Cisco UK & Ireland Blog

Blockchain: a new paradigm for supply chain security?

April 28, 2017

Supply chain security is rising up the boardroom agenda among global manufacturers, as incidences of theft, fraud and counterfeiting and even infiltration by cyber-attackers become more frequent, more widespread and increasingly newsworthy.

And the cost is staggering. Businesses lose an estimated $22.6bn globally each year due to cargo theft, and the price paid by manufacturers impacted by other supply chain risks also adds up:

The horsemeat scandal of 2013, which saw major retail brands and manufacturers forced to withdraw millions of meat-based products after supply chain fraud was discovered, wiped a reported £300m off the share price of one major brand.

In 2016, a China-based manufacturer recalled some of its products sold in the US after security researchers identified it had made parts for devices that were targeted in a major IoT global hacking attack credited with a widespread takedown of the internet.

Value of annual global losses due to cargo theft
(source: BSI, 2016)

It’s no surprise therefore that manufacturers are looking for reassurance that each item used on their production lines has a genuine and traceable provenance, and that products dispatched for onward supply are not interfered with. However, sourcing and then tracking of components is a hard-enough job in itself. What can supply chain managers do if their suppliers are unable or unwilling to provide a cast-iron audit trail?

Consumers, too, are demanding more and more information about the history of their purchases. IoT-based initiatives such as the Safety for Food platform, for which Cisco supplied the behind-the-scenes connectivity for our customer Barilla Pasta, have made progress in providing this visibility. In this example, purchasers can scan a QR code on packaging to access details on the production batch and supply chain journey. Yet this level of detail is not routinely available.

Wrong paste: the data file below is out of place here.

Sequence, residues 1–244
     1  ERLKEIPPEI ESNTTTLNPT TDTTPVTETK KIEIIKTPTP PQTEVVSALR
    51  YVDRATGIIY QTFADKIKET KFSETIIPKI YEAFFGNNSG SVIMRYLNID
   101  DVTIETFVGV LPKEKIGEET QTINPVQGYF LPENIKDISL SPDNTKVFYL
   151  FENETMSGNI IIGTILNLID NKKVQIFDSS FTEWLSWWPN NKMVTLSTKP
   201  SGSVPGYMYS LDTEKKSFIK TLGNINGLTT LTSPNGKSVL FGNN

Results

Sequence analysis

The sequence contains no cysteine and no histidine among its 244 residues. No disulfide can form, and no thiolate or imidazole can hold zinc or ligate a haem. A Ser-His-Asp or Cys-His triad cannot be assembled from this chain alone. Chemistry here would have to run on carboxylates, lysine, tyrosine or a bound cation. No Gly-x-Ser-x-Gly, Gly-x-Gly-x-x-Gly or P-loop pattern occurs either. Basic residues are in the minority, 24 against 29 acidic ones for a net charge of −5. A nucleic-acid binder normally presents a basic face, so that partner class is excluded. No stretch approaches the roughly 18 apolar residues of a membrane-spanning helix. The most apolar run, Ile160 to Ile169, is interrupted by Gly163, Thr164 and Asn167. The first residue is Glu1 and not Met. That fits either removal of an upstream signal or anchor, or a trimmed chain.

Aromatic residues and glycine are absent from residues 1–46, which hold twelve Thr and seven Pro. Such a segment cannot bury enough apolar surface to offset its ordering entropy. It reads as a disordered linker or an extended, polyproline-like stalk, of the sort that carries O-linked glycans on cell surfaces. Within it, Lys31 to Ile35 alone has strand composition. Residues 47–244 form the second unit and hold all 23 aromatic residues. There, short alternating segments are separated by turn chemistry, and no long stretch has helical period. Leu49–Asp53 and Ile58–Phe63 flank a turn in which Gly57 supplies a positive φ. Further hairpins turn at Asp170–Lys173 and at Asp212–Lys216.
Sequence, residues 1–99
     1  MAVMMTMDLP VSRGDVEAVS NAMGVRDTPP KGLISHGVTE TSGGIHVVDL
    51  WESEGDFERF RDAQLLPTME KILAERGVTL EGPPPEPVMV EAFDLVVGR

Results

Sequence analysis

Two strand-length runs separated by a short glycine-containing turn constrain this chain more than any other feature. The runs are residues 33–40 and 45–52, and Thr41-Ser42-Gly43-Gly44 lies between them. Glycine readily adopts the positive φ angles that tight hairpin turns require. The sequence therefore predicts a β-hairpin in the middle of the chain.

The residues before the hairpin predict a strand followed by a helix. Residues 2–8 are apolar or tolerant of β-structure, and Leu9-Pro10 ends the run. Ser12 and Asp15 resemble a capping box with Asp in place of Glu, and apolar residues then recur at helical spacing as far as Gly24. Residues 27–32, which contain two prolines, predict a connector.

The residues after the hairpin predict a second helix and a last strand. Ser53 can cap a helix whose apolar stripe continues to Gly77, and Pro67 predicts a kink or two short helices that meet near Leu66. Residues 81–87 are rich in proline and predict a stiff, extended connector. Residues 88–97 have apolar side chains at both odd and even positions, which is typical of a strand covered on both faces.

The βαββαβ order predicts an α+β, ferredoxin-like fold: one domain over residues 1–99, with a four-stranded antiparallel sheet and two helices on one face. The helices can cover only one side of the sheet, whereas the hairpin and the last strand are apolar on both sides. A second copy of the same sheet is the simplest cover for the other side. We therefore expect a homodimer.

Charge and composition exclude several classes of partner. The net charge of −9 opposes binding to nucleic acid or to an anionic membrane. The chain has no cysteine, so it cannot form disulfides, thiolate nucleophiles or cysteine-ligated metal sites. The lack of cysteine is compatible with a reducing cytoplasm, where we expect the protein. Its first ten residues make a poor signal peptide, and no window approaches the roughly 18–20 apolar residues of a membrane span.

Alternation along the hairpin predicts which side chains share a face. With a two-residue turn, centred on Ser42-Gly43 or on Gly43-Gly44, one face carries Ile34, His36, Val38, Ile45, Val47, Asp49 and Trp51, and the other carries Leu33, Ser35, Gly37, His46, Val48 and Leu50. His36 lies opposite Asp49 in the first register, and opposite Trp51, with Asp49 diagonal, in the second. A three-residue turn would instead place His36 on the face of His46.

Enter, the world of blockchain. In theory, at least, blockchain provides a panacea to the recognised headache of supply chain security. Not only does it have the potential to track product journeys to the most granular level, providing visibility to all who need it, but also it offers opportunities to automate many largely manual processes, reducing the administrative bill into the bargain.

But just how would blockchain work in practice across the supply chain?

How it works

A blockchain is essentially a database stored in multiple locations that maintains continually increasing records, or ‘blocks’ which are timestamped and linked to the previous block in a way that cannot be undone.

In the context of the supply chain, goods would be registered on a global ledger as transactions, with pertinent information such as the cost, geographic location and date, as well as the parties involved in production and transportation.

This information would be available securely to verified supply chain partners. It, or a version of it, could even be made available to the general public where the appetite to understand the exact history of goods is present – for example, where serious food allergies exist, or purchases are influenced by consumers’ religion or beliefs.

Current security efforts such as control towers and track-and-trace at shipment level offer limited protection from the determined efforts of pirates and counterfeiters who plague the global supply chain, despite the best efforts of suppliers and logistics providers.

And the burden of paperwork, despite moves to a global electronic customs standard, continues to be costly and complex to fulfil, with so many parties involved and varying levels of technology adoption.

A widely adopted blockchain model for supply chain would cut down on much of the paperwork and streamline the verification process.

In my next blog, we’ll examine the benefits, and the pitfalls of blockchain in supply chain. For more information on Cisco’s approach to securely connecting the supply chain, visit our website.

This blog is extracted from an article first printed in The Manufacturer (April 2017)

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